year = "2002",
month = "11",
day = "1",
language = "English (US)",
volume = "57",
pages = "425--439",
journal = "Journal of Soils and Water Conservation",
issn = "0022-4561",
publisher = "Soil Conservation Society of America",
number = "6",

}

Sharpley, AN, Kleinman, PJA, McDowell, RW, Gitau, M & Bryant, RB 2002, 'Modeling phosphorus transport in agricultural watersheds: Processes and possibilities', Journal of Soil and Water Conservation, vol. 57, no. 6, pp. 425-439.

Modeling phosphorus transport in agricultural watersheds : Processes and possibilities. / Sharpley, Andrew N.; Kleinman, Peter J A; McDowell, Richard W.; Gitau, Margaret; Bryant, Ray B.

In: Journal of Soil and Water Conservation, Vol. 57, No. 6, 01.11.2002, p. 425-439.

Research output: Contribution to journalArticle

TY - JOUR

T1 - Modeling phosphorus transport in agricultural watersheds

T2 - Processes and possibilities

AU - Sharpley, Andrew N.

AU - Kleinman, Peter J A

AU - McDowell, Richard W.

AU - Gitau, Margaret

AU - Bryant, Ray B.

PY - 2002/11/1

Y1 - 2002/11/1

N2 - Modeling phosphorus (P) loss from agricultural watersheds is key to quantifying the long term water quality benefits of alternative best management practices. Scientists engaged in this endeavor struggle to represent processes controlling P transport at scales and time frames that are meaningful to farmers, resource managers, and policy makers. To help overcome these challenges, we reviewed salient issues facing scientists that model P transport, providing a conceptual framework from which process-based P transport models might be evaluated. Recent advances in quantifying the release of soil P to overland and subsurface flow show that extraction coefficients relating soil and flow P are variable but can be represented as a function of land cover or erosion. Existing information on best management effects on P export should be linked to watershed models to better represent changes in P transport. The main needs of P transport models are inclusion of flexible coefficients relating soil and overland flow P, fertilizer and manure management and P loss, stream channel effects on edge-of-field P losses prior to water body input, and linkage of watershed and water-body response models. However, it is essential that the most appropriate model be carefully selected, according to a user's needs in terms of available input data, level of predictive accuracy, and scale of simulation being considered.

AB - Modeling phosphorus (P) loss from agricultural watersheds is key to quantifying the long term water quality benefits of alternative best management practices. Scientists engaged in this endeavor struggle to represent processes controlling P transport at scales and time frames that are meaningful to farmers, resource managers, and policy makers. To help overcome these challenges, we reviewed salient issues facing scientists that model P transport, providing a conceptual framework from which process-based P transport models might be evaluated. Recent advances in quantifying the release of soil P to overland and subsurface flow show that extraction coefficients relating soil and flow P are variable but can be represented as a function of land cover or erosion. Existing information on best management effects on P export should be linked to watershed models to better represent changes in P transport. The main needs of P transport models are inclusion of flexible coefficients relating soil and overland flow P, fertilizer and manure management and P loss, stream channel effects on edge-of-field P losses prior to water body input, and linkage of watershed and water-body response models. However, it is essential that the most appropriate model be carefully selected, according to a user's needs in terms of available input data, level of predictive accuracy, and scale of simulation being considered.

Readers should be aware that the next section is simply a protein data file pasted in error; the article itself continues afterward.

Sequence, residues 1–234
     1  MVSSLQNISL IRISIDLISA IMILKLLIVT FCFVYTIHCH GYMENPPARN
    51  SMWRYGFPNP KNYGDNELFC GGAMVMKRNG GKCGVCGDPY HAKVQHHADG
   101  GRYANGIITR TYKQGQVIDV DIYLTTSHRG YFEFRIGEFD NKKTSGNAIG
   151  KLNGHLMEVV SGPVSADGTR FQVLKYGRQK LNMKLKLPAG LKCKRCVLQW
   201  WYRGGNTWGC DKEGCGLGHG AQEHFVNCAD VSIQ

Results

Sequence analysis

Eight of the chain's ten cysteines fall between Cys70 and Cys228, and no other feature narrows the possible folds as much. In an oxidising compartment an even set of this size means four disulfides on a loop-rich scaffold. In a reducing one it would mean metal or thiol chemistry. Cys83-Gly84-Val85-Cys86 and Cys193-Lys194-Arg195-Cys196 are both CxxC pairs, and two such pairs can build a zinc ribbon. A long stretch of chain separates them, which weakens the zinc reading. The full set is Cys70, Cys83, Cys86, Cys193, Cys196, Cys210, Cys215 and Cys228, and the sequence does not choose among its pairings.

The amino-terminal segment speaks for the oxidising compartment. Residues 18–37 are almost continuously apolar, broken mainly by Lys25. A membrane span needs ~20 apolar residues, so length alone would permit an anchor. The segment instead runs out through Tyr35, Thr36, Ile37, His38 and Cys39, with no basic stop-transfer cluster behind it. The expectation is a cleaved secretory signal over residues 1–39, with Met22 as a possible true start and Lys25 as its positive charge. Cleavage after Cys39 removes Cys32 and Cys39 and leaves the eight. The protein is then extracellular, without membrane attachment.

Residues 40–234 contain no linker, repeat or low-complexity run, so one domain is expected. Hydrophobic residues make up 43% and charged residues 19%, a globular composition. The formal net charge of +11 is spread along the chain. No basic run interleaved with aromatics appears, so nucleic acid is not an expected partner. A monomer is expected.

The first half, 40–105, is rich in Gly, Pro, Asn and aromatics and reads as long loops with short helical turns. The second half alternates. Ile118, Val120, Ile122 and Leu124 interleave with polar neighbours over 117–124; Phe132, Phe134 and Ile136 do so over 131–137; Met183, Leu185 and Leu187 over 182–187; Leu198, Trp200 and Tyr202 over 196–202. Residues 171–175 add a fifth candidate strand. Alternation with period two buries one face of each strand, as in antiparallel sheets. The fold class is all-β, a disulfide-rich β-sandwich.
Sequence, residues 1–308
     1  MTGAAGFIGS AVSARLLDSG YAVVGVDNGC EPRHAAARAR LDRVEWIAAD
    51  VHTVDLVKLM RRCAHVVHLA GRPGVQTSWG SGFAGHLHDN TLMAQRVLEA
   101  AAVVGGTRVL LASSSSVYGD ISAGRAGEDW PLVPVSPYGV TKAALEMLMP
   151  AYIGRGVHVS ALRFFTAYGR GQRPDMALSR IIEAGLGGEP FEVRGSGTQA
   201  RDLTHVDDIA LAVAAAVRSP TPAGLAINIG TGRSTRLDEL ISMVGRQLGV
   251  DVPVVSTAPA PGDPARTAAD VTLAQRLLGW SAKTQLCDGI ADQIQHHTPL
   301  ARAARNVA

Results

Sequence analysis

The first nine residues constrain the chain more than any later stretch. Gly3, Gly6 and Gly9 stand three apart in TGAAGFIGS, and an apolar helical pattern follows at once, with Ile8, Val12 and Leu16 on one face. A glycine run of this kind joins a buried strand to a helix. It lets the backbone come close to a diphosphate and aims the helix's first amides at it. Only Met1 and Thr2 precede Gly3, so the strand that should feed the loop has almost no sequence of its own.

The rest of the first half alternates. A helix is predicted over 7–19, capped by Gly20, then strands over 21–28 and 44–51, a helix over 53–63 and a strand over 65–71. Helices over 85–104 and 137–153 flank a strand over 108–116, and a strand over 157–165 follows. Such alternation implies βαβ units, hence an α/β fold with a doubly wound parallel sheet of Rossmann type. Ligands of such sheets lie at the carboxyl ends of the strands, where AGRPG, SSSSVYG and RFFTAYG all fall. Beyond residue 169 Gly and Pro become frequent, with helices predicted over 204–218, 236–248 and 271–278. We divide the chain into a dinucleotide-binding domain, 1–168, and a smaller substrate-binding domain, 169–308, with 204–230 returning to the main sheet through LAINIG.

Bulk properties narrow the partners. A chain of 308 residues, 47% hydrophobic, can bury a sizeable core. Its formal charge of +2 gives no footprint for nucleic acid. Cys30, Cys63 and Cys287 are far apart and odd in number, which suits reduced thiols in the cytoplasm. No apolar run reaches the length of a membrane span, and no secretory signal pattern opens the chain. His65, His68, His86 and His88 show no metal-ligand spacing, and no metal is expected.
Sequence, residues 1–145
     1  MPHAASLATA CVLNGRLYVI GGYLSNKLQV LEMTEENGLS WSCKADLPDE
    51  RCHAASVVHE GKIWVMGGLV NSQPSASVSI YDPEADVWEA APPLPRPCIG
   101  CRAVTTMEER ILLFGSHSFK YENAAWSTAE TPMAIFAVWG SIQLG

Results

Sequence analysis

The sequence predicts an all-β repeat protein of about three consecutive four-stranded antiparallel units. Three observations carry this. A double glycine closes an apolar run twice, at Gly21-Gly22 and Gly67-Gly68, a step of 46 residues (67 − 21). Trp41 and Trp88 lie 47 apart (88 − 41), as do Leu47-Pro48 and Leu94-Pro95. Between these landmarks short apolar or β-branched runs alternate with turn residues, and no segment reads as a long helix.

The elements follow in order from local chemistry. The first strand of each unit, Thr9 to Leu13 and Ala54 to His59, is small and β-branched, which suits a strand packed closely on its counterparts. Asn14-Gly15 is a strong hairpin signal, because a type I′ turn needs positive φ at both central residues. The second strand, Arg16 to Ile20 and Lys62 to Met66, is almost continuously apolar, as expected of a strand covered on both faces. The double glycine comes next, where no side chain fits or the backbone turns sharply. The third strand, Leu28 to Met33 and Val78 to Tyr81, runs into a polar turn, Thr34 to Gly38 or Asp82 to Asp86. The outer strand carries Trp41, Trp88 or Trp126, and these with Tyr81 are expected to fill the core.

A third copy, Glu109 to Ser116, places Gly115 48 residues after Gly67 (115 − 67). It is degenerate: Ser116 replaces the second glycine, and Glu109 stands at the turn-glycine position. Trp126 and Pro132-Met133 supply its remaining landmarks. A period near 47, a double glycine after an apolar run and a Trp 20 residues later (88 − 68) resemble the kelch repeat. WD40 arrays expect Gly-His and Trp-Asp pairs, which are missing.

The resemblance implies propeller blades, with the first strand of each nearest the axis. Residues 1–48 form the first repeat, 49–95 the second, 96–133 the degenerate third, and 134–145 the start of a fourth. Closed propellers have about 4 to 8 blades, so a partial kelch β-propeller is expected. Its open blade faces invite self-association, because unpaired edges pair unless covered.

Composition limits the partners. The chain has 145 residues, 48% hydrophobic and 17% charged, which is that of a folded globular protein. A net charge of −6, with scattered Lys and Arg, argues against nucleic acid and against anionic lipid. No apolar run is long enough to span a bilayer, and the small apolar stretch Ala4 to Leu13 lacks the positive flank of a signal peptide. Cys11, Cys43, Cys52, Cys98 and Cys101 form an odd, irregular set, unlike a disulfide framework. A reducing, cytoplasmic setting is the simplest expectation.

UR - http://www.scopus.com/inward/record.url?scp=0036872591&partnerID=8YFLogxK

UR - http://www.scopus.com/inward/citedby.url?scp=0036872591&partnerID=8YFLogxK

M3 - Article

VL - 57

SP - 425

EP - 439

JO - Journal of Soils and Water Conservation

JF - Journal of Soils and Water Conservation

SN - 0022-4561

IS - 6

ER -

Sharpley AN, Kleinman PJA, McDowell RW, Gitau M, Bryant RB. Modeling phosphorus transport in agricultural watersheds: Processes and possibilities. Journal of Soil and Water Conservation. 2002 Nov 1;57(6):425-439.